TFB Review: American Marksman Ammo – M80, M118LR , & M855

Nicholas C
by Nicholas C
American Marksman Ammo M118LR

Just before SHOT Show, American Marksman Ammo reached out to us and asked us to review some ammo of theirs. I volunteered to review their 5.56 and 7.62 ammo. I was interested in some longer range ammo so they sent one box of M118LR and one box of M80 ball along with a box of M855 5.56 ammo for me to test.

Let’s See How Far American Marksman Ammo Can Go

I was more interested in the M118LR ammo than anything else they sent. M855 and M80 ammo is generic ammo to me. However M118LR is designed for long range shooting. While I have been enjoying 6.5 Creedmoor and I own a SCAR17S, I have not actually shot my SCAR very far. The farthest I have ever shot it was just over 600 yards and it took a lot of rounds to get on target. That was not the case with the American Marksman Ammo. I tossed some M80 into a Moses Mag and after a quick zero, I pushed the round and the SCAR as far as I could. 800 yards was actually rather easy with the American Marksman Ammo M80 ball.

American Marksman Ammo packages their M118LR in a brown cardboard box. No bag or any padding.

I tried to go out to 1000 yards but the M80 ball was not consistent enough to get hits on target. So I switched gears to the M118LR ammo. I was able to get a couple of hits but not at the consistency I would like. I think this is due to the gun and my lack of skill. I did not capture my hits at 1000 yards but I did capture my friend Kythe on his Desert Tech SRS.

Below is the American Marksman Ammo M118LR compared to an actual Military issued M118LR that Kythe brought to compare. Just like the military M118LR, American Marksman Ammo anneals their brass.

They look identical. Although Kythe thinks the American Marksman Ammo M118LR might be missing the lacquer primer.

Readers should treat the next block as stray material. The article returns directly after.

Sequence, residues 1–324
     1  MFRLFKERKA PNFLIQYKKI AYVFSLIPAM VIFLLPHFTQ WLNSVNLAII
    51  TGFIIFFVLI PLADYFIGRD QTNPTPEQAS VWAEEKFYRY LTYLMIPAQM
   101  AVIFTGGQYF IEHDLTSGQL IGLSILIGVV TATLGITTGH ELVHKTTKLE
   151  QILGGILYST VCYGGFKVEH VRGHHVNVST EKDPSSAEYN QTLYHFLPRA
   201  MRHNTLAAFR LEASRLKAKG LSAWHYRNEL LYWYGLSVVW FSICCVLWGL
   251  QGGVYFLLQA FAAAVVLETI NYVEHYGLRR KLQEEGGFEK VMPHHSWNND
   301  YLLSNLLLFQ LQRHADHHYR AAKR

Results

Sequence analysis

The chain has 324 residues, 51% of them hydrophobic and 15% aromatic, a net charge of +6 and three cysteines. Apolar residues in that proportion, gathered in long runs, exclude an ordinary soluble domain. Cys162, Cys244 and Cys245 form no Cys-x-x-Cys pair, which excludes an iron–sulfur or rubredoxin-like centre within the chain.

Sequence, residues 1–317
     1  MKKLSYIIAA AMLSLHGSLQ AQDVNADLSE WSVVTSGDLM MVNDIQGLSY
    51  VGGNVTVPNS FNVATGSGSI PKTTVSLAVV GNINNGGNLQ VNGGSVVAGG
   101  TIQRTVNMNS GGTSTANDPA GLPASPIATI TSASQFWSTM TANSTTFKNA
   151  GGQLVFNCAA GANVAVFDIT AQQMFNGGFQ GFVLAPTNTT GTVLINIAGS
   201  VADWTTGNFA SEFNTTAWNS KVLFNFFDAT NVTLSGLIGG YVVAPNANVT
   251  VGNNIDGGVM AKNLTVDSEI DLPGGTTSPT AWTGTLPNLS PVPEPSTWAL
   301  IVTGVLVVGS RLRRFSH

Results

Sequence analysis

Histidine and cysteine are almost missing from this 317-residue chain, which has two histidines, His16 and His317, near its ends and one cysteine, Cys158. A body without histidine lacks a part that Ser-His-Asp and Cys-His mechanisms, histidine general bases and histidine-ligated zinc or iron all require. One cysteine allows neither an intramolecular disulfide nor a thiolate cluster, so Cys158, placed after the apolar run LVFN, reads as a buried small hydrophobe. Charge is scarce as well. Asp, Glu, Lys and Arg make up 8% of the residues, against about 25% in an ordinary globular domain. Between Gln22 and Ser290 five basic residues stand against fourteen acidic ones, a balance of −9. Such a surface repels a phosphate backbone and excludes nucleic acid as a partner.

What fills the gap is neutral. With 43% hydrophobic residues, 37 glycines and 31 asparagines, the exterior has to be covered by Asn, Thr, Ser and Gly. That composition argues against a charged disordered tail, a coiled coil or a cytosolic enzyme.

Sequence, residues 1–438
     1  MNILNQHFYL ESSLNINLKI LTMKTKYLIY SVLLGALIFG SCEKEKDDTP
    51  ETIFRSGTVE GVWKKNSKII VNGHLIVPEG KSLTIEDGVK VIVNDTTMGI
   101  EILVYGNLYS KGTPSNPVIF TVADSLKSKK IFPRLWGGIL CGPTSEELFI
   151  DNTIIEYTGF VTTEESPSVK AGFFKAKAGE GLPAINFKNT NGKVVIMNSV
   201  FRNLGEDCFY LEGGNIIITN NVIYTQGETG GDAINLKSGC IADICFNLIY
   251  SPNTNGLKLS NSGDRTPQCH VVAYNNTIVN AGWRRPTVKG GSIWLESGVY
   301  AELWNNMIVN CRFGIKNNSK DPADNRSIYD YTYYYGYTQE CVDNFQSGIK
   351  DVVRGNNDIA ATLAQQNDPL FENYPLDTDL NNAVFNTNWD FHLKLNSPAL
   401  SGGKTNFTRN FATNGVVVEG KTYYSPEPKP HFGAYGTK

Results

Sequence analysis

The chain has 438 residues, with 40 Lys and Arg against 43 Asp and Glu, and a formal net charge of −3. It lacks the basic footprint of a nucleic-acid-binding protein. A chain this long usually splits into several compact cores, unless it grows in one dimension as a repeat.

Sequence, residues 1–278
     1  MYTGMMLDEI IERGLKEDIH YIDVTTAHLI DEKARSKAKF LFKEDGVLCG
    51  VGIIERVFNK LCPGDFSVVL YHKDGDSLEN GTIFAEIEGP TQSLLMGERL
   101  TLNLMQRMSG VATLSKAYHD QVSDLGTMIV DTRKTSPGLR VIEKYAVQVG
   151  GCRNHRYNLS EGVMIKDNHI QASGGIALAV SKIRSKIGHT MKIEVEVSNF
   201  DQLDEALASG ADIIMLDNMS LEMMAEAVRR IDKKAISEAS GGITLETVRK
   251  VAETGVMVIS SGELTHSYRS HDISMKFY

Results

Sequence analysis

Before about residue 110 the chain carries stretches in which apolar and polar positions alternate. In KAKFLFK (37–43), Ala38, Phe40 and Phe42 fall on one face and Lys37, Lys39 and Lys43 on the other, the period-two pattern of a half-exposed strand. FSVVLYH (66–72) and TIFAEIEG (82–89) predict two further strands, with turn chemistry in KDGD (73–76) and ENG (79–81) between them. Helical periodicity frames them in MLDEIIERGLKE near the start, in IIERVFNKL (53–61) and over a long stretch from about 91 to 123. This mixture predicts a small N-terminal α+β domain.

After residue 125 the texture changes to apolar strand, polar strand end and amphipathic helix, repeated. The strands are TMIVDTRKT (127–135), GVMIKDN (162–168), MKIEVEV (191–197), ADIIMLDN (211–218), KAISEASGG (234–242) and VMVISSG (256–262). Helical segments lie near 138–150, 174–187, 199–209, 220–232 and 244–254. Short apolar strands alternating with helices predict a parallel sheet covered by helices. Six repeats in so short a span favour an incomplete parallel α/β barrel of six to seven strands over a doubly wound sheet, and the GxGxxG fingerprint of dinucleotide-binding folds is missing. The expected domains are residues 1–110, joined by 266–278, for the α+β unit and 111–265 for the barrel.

Edit: According to Jeff of American Marksman, the brass comes primed from Lake City.

The primers on our M118 LR are installed in the brass at the Lake City Army Ammunition Plant, according to their specifications, before we receive them. We do not alter them in any way during the loading process to avoid compromising the integrity of that process.

Kythe jumped on his Desert Tech SRS and immediately hit 1000 yards with very little effort.

I was curious if M118LR could hit a mile and got some mixed responses. It is not an ideal round to shoot out to a mile but it can do it. Kythe managed his first hit on the 8th shot. Then a second hit 11 rounds later.

What About The M855?

American Marksman Ammo sent me a 250 round box of M855 ammo. The ammo came in a brown box similar to the M80 and M118LR. However, if you buy just a 20rd box they come in a standard 20rd box size.

Stryker – 5.56×45 NATO M855 62 Gr. FMJ Steel Core – 250 Rounds

Description: Stryker 5.56 line of ammunition consists of Lake City brass, boxer-primers and projectiles. Designed for range training. This line of ammunition is 100% American made. Traditionally this round would be painted with a green tip but we often receive the projectile prior to paint.